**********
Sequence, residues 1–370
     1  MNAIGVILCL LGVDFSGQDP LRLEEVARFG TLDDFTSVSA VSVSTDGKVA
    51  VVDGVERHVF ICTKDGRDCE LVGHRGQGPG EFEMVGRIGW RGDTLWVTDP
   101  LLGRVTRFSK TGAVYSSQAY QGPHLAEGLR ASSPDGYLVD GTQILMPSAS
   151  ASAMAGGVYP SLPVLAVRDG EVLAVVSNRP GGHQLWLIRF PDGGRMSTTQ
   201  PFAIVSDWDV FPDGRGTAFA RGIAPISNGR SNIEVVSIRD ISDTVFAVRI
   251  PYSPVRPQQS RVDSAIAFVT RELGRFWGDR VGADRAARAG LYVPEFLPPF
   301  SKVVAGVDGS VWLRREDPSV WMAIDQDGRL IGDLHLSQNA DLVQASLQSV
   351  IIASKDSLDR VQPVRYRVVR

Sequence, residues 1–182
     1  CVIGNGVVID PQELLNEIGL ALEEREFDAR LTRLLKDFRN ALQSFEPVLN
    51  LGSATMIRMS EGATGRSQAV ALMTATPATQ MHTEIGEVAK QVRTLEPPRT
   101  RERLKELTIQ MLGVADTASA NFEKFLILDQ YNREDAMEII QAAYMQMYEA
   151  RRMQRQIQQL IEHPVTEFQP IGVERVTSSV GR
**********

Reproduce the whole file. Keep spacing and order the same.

Sequence, residues 1–370
     1  MNAIGVILCL LGVDFSGQDP LRLEEVARFG TLDDFTSVSA VSVSTDGKVA
    51  VVDGVERHVF ICTKDGRDCE LVGHRGQGPG EFEMVGRIGW RGDTLWVTDP
   101  LLGRVTRFSK TGAVYSSQAY QGPHLAEGLR ASSPDGYLVD GTQILMPSAS
   151  ASAMAGGVYP SLPVLAVRDG EVLAVVSNRP GGHQLWLIRF PDGGRMSTTQ
   201  PFAIVSDWDV FPDGRGTAFA RGIAPISNGR SNIEVVSIRD ISDTVFAVRI
   251  PYSPVRPQQS RVDSAIAFVT RELGRFWGDR VGADRAARAG LYVPEFLPPF
   301  SKVVAGVDGS VWLRREDPSV WMAIDQDGRL IGDLHLSQNA DLVQASLQSV
   351  IIASKDSLDR VQPVRYRVVR

Sequence, residues 1–182
     1  CVIGNGVVID PQELLNEIGL ALEEREFDAR LTRLLKDFRN ALQSFEPVLN
    51  LGSATMIRMS EGATGRSQAV ALMTATPATQ MHTEIGEVAK QVRTLEPPRT
   101  RERLKELTIQ MLGVADTASA NFEKFLILDQ YNREDAMEII QAAYMQMYEA
   151  RRMQRQIQQL IEHPVTEFQP IGVERVTSSV GR